By LUKOYE ATWOLI
Sunday Nation 12 December 2010
According to the celebrated psychoanalyst Erik Erikson, a human being goes through eight ‘‘ages’’ before finally confronting the grave.
Characterised as stages of psychosocial development, Erikson described key dilemmas and tasks that an individual must navigate at each stage in order to successfully move to the next stage of development.
He described issues ranging from an infant’s struggle between trust and mistrust to the older person’s musings on ego integrity versus anguish and despair.
What applies to individuals may at times also apply to communities and nations. Within this model, Kenya would be an individual in middle adulthood, between the ages of 41 and 65.
The pre-requisite for a healthy transition into this stage is the successful navigation of the challenges of early adulthood (ages 21 to 40), including forming lasting relationships and ‘‘settling down’’ on the home front, establishing oneself in an occupation and initiating some process of giving back to society.
At this point, one may wonder if Kenya has really ‘‘settled down’’, or is still grappling with challenges she should have resolved several years ago. Are we really ready for middle adulthood?
In middle adulthood, the key task is referred to as generativity, a process by which persons guide the oncoming generation, or make efforts to improve society in one way or another.
Failure to achieve generativity results in a state of rudderless stagnation. Many individuals who have difficulties in this stage of development end up with what is popularly referred to as a ‘‘mid-life crisis’’, a period of intense emotional turmoil due to perceived and real failures in an individual’s life.
As Kenya celebrates her 47th birthday, what diagnosis would the psychoanalyst give her? Would our psychoanalyst be satisfied that Kenya is fulfilling her role in generativity, or would the final diagnosis be one of hopeless stagnation or an even more destructive ‘‘mid-life crisis’’?
Has Kenya raised her children well, sheltering them from the vagaries of this world while allowing them to pick up useful lessons for their own journey in life?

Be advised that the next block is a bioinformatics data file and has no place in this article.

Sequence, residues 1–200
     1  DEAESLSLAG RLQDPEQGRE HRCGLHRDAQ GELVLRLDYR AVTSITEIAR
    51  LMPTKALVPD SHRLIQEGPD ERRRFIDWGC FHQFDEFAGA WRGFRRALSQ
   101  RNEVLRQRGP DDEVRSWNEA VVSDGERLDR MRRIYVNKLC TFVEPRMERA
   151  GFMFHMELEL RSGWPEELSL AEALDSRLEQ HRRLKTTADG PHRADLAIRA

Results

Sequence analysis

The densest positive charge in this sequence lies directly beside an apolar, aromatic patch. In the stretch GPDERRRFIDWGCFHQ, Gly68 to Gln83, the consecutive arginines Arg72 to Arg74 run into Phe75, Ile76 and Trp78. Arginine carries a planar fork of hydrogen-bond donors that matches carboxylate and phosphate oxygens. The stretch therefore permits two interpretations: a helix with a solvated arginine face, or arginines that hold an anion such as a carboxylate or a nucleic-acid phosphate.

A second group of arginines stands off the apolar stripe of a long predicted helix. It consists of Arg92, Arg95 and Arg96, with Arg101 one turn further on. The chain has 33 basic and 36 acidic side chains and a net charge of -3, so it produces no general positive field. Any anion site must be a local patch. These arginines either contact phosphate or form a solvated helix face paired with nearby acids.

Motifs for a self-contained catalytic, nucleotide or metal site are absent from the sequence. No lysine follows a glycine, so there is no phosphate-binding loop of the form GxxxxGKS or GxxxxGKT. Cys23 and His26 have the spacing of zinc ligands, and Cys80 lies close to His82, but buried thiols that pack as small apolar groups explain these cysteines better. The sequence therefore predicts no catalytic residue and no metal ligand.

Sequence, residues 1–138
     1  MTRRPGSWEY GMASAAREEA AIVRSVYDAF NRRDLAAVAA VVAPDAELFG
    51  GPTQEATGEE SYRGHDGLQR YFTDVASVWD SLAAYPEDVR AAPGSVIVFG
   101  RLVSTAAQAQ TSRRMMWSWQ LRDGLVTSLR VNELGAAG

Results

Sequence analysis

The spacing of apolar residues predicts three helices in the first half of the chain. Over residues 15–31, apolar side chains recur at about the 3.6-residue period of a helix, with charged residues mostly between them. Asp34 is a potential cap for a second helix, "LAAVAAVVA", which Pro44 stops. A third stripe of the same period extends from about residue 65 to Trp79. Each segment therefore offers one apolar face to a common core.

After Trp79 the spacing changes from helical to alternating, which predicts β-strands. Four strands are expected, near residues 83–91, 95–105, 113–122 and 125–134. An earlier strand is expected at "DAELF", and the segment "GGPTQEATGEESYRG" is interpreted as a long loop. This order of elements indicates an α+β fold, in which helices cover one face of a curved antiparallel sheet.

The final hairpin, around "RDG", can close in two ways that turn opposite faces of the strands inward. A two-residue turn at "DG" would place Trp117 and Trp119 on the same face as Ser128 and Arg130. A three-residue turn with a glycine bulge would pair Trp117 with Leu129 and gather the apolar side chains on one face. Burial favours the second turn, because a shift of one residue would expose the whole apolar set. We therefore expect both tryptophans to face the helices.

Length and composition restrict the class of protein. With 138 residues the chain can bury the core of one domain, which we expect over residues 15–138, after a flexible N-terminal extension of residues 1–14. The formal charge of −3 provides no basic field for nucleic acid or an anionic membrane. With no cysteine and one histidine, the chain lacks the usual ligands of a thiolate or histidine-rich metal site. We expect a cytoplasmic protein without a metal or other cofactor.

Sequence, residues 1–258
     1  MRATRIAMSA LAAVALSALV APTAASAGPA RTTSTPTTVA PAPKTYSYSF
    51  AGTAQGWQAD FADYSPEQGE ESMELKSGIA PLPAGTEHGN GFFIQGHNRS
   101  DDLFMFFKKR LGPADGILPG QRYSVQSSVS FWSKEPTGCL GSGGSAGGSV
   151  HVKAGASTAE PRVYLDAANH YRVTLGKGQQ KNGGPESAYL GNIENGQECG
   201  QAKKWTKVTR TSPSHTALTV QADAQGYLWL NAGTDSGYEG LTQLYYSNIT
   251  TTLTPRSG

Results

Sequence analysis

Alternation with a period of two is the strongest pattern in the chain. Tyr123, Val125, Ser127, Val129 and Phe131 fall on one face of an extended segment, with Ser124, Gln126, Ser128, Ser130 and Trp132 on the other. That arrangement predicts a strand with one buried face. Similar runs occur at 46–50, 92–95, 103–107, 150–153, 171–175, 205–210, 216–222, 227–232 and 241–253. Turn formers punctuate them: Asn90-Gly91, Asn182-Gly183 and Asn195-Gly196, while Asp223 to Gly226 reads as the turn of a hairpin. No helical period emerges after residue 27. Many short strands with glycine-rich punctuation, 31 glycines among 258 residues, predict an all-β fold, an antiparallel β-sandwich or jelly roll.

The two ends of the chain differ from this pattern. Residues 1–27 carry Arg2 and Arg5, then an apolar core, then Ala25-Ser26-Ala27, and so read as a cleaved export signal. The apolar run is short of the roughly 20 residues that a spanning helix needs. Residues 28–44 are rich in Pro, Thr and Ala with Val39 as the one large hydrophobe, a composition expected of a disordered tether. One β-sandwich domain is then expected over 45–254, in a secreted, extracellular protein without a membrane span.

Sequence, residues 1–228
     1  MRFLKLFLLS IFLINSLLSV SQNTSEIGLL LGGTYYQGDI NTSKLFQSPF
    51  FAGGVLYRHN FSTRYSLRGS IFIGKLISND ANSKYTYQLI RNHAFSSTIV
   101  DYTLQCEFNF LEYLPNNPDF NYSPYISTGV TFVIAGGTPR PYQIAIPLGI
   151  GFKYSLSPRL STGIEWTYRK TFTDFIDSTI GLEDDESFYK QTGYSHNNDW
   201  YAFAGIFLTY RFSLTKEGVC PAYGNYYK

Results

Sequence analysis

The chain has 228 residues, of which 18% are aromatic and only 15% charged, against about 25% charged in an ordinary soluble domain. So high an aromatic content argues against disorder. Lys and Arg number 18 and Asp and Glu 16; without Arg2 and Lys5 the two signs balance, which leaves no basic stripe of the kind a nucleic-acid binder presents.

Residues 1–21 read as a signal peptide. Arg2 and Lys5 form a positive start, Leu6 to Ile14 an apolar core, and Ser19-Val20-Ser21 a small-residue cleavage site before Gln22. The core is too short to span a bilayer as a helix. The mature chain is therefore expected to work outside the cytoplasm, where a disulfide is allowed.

An honest appraisal of our country’s development would lead to only one answer: A resounding No! Kenya has failed to successfully deal with most of the developmental tasks Erikson set for an individual of her age.
At 47, she is still emotionally immature, throwing violent tantrums whenever her childish demands are not met.
Her latest tantrum resulted in the death of over 1,000 of her own children, and the intervention of her neighbours to try and minimise the damage was received with singular equivocation.
At 47, Kenya has not been able to develop a cogent set of values for her children, many of whom are now starting their own families with little guidance.
In fact, as she contemplates her past, one would forgive her if she fell into a period of prolonged ‘‘mid-life crisis’’.
However, all is not lost. Our neighbours’ intervention after the latest tantrum resulted in stricter rules of conduct, complete with a set of enforcers called Moreno-Ocampo and Kofi Annan.
They have helped us to craft a set of internal rules that are based on the consensus that certain human rights are universal and inalienable.
Hopefully, our mother can be compelled to live by those rules, for the sake of future generations. Happy birthday, Kenya.
Dr Lukoye Atwoli is a consultant psychiatrist and lecturer, Moi University School of Medicine. www.lukoyeatwoli.com